July 15th, 1922 was the day we met. I was all dolled up and ready for a night out with the girls. I didn’t expect to meet the man of my dreams, but after he approached me in the dance hall, I couldn’t take my eyes off him. The way he smiled at me made me feel like I was the only girl in the world. Just when I was starting to wonder if I would see him again, he asked me out for the following weekend. I couldn’t help it- I was already smitten.
The bride slowly flips through the pages of her wedding diary as she sips her tea, reminiscing on her whirlwind romance. Two years ago, she met the man of her dreams, and today she will stand before close family and friends to marry him under a flowering gazebo. The chatter of excitement and busyness starts to rise in the background of the bride’s home as family and friends prepare for the event.
Check out our Tips on How to Bring that Timeless 20s Glam to Your Wedding Style
In the 1920s, keeping a wedding diary was a common tradition. It gave brides a place to share how they met their fiancés and describe their engagement. After they were married, they could write down all the stunning details of their wedding day and honeymoon. They could even paste pictures of the event if they were fortunate enough to have a photographer.
Unlike most modern weddings, weddings in the 1920s often took place around lunchtime or in the afternoon on a weekday. As a popular folk rhyme stated: “Marry on Monday for health, Tuesday for wealth, Wednesday the best day of all.” Today, weekdays are still a wonderful time for the wedding of your dreams.
A lunchtime wedding in the ‘20s was considered an extravagant affair since most receptions only included cake and punch. No matter what was served at the reception, however, the bride paid attention to each and every detail. She would choose a unique cake based on flavor instead of decor, but the cake would still look splendid.
Many receptions were simple but elegant. Though some did choose church or courthouse weddings, couples in the 1920s often got married at home, and little could compare to the beauty of a quaint, romantic backyard wedding.
The 1920s were a time of celebration and nothing was done halfway. At the end of the war in 1918, many women were reunited with their loves and desperate to start their lives together. Some lost their husbands in the war and were getting remarried. No matter what brought the bride to this significant day- every detail of the wedding made a statement- from her bouquet to her headdress. The bouquets were colorful and oversized to stand out as much as possible and the headdresses caught everyone’s attention when the bride walked into the room.
Some brides chose traditional white wedding dresses while others chose to stand out with a color other than white. Those who were getting married for the second time were sometimes even less traditional, choosing a party dress or adding a feather boa to their wedding day attire. Lower necklines on wedding dresses and intricate details such as beading grew in popularity.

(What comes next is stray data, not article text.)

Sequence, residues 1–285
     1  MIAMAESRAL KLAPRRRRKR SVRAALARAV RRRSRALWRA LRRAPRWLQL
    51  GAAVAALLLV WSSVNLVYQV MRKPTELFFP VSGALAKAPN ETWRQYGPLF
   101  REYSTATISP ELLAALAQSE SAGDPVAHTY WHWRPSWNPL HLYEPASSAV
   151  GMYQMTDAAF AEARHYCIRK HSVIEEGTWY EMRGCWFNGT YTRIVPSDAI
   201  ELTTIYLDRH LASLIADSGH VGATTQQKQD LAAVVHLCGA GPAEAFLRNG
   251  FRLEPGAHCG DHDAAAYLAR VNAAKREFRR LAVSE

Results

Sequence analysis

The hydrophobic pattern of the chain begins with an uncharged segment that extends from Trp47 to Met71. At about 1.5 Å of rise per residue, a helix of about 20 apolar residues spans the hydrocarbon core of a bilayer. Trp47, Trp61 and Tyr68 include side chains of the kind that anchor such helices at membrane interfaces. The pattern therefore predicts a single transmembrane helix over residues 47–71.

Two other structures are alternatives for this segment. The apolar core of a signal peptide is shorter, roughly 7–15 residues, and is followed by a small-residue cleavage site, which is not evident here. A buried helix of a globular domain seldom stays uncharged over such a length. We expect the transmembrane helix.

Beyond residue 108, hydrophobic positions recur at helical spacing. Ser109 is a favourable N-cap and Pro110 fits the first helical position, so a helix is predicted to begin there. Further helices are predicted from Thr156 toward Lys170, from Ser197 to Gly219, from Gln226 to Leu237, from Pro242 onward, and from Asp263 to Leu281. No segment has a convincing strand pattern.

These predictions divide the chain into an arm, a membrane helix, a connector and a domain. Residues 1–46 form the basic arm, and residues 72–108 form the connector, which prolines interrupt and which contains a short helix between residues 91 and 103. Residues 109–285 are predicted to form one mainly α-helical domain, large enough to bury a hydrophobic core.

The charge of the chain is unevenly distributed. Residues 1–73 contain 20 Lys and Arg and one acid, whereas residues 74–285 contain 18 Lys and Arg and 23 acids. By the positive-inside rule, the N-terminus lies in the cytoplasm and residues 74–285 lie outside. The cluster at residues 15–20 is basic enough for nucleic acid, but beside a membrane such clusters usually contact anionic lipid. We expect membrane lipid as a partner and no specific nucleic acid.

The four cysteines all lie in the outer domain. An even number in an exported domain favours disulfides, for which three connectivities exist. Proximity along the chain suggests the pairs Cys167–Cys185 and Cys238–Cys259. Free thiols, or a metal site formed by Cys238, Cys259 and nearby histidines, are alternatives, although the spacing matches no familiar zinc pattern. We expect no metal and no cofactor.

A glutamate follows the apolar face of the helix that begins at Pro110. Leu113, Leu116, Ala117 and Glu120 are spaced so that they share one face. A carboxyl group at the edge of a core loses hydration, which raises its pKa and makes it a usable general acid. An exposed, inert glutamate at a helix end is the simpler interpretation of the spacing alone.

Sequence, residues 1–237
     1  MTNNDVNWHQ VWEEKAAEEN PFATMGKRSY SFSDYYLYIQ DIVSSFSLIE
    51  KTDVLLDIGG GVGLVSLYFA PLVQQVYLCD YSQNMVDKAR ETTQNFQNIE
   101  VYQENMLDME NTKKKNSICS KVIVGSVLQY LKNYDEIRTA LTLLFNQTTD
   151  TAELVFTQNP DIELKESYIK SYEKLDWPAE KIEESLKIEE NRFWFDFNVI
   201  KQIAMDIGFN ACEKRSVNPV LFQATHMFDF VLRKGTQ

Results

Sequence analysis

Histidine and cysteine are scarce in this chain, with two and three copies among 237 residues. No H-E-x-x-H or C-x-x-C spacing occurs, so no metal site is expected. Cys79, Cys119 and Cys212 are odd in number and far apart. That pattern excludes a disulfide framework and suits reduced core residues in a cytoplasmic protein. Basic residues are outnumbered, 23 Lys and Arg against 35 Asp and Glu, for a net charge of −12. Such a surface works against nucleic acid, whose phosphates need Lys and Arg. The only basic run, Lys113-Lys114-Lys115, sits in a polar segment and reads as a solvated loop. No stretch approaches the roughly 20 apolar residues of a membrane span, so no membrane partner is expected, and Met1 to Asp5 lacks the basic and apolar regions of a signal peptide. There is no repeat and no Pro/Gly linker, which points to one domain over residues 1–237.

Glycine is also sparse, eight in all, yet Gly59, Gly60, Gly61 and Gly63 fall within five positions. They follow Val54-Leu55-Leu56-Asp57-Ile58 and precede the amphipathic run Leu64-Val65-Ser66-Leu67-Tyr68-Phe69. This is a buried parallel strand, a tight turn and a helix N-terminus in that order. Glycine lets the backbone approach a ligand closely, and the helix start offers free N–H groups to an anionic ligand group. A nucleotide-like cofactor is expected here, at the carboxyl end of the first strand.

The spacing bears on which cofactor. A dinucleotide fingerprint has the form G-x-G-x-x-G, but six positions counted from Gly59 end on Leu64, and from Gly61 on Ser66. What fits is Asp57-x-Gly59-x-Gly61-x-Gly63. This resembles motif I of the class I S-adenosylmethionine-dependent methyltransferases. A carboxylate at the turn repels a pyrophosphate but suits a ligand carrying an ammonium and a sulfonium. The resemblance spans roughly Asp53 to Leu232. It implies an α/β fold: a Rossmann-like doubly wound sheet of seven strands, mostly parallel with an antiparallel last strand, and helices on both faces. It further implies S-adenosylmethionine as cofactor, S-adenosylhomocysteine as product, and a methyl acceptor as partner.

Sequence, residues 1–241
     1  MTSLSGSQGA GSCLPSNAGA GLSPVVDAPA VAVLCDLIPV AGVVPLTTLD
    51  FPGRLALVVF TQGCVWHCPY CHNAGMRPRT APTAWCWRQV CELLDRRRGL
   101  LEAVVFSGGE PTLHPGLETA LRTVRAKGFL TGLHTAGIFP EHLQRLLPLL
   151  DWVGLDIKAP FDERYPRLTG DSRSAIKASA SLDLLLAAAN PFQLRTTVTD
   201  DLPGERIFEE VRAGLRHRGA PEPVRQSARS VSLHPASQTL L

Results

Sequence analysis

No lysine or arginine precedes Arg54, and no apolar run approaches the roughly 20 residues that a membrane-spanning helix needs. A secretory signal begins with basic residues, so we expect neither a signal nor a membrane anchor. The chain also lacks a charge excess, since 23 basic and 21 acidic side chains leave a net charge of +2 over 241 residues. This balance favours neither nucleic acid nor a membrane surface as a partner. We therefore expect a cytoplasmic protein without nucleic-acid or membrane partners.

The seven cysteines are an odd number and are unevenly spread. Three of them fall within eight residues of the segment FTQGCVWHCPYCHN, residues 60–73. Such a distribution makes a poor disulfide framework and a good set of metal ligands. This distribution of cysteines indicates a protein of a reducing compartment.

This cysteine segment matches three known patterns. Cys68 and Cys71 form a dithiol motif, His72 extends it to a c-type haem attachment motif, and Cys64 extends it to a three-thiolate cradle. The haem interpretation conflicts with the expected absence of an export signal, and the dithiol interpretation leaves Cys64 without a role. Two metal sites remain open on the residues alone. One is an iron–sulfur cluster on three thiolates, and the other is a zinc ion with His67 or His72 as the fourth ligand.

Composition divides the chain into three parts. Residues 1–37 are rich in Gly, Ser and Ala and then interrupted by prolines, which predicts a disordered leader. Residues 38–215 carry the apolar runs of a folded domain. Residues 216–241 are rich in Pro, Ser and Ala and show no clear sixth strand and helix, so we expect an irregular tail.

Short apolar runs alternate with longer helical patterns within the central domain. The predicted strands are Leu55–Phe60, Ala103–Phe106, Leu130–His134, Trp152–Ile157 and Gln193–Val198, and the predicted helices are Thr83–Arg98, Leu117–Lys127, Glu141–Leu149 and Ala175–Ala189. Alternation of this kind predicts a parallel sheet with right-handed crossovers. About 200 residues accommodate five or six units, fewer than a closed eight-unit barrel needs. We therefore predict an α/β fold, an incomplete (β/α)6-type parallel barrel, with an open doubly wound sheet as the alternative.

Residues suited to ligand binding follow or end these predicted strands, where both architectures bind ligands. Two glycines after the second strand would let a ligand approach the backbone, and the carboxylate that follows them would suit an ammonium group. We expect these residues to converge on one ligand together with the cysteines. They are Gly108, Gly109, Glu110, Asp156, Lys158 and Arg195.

Brides could purchase their dresses in a department store or visit one of the specialty bridal shops that were popping up all over. This particular bride chose a slip-lace dress with a sequinned headband. Different headpieces were common for brides in the 1920s and ranged from beaded headbands to cloche hats, depending on the style of the bride.
To prepare for the wedding ceremony and reception, family members would help as much as possible. Wedding photography was becoming popular as well during this time, although not every couple could afford it. Those who could afford it splurged to be able to look back on these moments for years to come.
As the afternoon quickly approaches, there's still plenty to do. The refreshments, music, and flowers must be perfect. The sound of a live jazz band will soon fill each room of the bride’s home, and she’ll clutch her bright, bold bouquet for most of the day.
Finally, it’s time for the wedding. The bride takes one final look in the mirror and adjusts her sparkling headband. Her bridesmaids are by her side in their white satin skirts. Her groom waits under the gazebo in a gold vest and matching bowtie. Both the bride and groom are ready to become one on the most important day of their lives.
Shortly after the wedding, the bride and groom will head off on their honeymoon. Honeymoons weren’t as exotic back then as they are in modern times. The couple would choose a place that was special to them where they could spend time together away from their home and families. It was the perfect way to start their new life together.
From the dairy of a 1920s bride. On your big day, every detail matters. From the hand-written place cards to the detailed entries in the bride's wedding diary. Many of these timeless traditions can make your modern wedding even more memorable, to give you and your partner the fondest of memories as you grow old together.
Ready to plan your authentic style 1920’s wedding at a historic venue in Texas? Olde House would love to be a part of it. Book now!
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